This ad gave me all the feels, but made me forget all about the car. I just want a Nissan robodog now.



Chevy is changing with the times, popping its EV cherry with the fully-electric Silverado. 

This ad celebrates the occasion with a homage to the hit TV series, The Sopranos. Meadow ​​(Jamie-Lynn Sigler) reenacts the show’s opening scene, meeting up with A.J. Soprano (Robert Iler) at an EV charger. 

With the dulcet tones of The Sopranos’ theme song — Alabama 3’s ‘Woke Up This Morning,’ — the ad introduces a “whole new truck for a whole new generation.” 

Verdict: ⚡⚡⚡⚡⚡

What can I say? I used to like The Sopranos. I’ve tried introducing it to my younger spouse, who says it’s too dull (sacrilege!), but this was an excellent ad for Chevy and a great homage to the hit show.



You don’t need to do much when you have a great car, but Nissan really steps up. 

In this ad for its Z sports car, Eugene Levy goes from goofy to long-haired action movie star, dodging burning helicopters and an exploding world where the car flies smoothly through the chaos. 

His female co-stars drive up to a movie premiere in an Ariya electric crossover, where they collect Eugene and drive off into the sunset.

It’s a strange ad. 

The Nissan Z is powered by a V6 engine, not electric batteries. And the Ariya is motor-powered, but aided by an electric extended range. The company aims to roll out 23 new electrified models by 2030, with 15 fully electric.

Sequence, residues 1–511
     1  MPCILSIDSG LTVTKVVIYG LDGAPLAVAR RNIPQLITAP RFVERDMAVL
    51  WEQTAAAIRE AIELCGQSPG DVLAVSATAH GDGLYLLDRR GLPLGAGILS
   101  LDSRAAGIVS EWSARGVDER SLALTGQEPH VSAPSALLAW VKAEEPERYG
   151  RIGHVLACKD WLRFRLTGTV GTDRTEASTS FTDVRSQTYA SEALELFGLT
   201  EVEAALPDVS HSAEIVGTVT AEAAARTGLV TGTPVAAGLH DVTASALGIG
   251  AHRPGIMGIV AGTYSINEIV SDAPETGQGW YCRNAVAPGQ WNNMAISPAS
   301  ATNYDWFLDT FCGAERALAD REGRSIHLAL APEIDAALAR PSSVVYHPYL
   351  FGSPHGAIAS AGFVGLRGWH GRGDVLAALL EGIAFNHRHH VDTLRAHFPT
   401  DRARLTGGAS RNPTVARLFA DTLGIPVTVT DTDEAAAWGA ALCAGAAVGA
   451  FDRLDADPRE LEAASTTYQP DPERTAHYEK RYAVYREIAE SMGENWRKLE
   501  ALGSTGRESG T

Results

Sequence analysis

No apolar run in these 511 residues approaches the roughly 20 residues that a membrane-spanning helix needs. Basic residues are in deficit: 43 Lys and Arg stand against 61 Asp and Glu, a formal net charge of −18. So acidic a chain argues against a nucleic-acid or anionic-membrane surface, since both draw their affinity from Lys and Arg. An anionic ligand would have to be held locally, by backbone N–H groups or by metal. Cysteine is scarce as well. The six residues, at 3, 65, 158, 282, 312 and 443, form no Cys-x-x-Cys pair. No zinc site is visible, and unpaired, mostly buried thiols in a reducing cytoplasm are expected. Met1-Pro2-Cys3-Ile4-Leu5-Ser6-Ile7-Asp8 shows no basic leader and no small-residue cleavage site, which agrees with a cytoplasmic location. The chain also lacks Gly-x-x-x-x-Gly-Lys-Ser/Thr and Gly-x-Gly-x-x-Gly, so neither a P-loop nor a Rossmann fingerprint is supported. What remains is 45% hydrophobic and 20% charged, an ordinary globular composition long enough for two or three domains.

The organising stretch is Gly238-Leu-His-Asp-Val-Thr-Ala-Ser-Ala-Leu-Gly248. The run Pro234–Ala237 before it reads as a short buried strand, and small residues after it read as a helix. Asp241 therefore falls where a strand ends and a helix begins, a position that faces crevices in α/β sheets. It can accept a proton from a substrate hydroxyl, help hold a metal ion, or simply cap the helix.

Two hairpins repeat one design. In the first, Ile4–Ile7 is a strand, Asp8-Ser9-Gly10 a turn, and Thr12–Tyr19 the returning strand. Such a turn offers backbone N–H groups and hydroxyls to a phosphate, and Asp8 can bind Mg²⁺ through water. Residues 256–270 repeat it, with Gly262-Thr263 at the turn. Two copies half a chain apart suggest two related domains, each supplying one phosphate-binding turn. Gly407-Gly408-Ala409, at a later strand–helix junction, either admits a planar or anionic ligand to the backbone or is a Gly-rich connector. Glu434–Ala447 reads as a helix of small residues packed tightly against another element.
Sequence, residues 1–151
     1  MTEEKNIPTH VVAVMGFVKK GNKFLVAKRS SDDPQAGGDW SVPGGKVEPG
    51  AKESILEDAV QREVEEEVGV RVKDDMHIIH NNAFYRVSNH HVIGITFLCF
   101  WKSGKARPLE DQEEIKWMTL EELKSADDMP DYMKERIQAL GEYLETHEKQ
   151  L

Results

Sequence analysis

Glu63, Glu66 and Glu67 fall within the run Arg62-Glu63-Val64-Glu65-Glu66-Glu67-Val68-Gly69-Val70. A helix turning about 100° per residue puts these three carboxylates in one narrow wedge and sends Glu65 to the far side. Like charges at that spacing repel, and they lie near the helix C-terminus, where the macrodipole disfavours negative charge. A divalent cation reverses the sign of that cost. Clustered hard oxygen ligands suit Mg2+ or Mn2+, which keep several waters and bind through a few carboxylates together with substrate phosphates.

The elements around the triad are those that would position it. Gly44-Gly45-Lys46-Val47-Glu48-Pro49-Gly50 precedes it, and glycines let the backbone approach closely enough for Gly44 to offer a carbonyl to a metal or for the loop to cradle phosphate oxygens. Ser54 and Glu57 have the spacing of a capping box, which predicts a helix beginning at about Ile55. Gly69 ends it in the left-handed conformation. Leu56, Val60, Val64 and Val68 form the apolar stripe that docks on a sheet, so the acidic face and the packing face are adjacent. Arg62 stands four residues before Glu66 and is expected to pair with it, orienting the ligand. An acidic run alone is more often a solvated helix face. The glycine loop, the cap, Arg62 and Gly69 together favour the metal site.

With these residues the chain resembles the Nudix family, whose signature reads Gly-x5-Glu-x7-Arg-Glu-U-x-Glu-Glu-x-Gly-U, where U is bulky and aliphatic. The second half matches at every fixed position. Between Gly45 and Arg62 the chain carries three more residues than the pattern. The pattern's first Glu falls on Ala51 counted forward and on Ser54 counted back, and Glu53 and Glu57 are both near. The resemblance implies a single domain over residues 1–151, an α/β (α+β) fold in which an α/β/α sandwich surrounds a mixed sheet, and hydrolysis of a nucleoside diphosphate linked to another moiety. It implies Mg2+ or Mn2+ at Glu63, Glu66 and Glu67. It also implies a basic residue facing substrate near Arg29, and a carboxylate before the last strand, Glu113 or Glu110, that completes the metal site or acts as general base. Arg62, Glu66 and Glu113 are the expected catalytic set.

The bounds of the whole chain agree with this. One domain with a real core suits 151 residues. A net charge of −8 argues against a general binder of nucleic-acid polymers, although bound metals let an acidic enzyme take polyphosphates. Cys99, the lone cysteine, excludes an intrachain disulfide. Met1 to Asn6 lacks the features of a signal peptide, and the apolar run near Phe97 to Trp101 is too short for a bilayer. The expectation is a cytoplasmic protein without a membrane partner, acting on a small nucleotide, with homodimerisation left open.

So, this seems a little backward.

Verdict: ⚡⚡

The Nissan Z is a seriously sleek-looking car and has an audience of buyers anxiously awaiting its arrival. But it’s not an EV, and at a time where companies are seriously trying to assert their green cred, it seems really out of touch. 

 But, if Nissan decided to make a flying sports car, I, for one, would be all in.



Polestar goes in a completely different direction from its competitors. There’s no evocative music, actors, or heartstring pulling. 

But there’s also no dieselgate, hidden promises or greenwashing. And, with a sneaky sideswipe at Tesla, “no conquering Mars.”

Verdict: ⚡⚡⚡⚡

This is the kinda ad that makes me think of people who wear black ringed square glasses, talk about “new media,” and drink espresso martinis. I’m not sure I’m cool enough for it, but I like its simplicity.

Wallbox EV charging


Who better to talk about electric vehicle charging than a dude who’s been struck by lightning?

In a pitch for the Wallbox EV charger, this ad just does that, with the protagonist showing a montage of his fears of electricity. He then ultimately concedes that an electric, greener future is vital, and that Wallbox helps him move forward from his fear. 

Verdict: ⚡⚡⚡

It’s a nice hook for people who fear being electrocuted by an EV charger, but there’s some serious soul missing in this one. 

The Super Bowl is a big event for advertisers keen to get big brand recognition from a global audience of millions. And this year, the repeated presence of EVs shows just how far automakers have come in ushering their arrival into a captive audience. 

Overall, I think this year’s ads use nostalgia as a way to usher in an electric future. Whether you grew up watching Austin Powers or The Sopranos — or are new to the characters — these ads offer multigenerational appeal.

Now let’s just hope they can actually make a difference.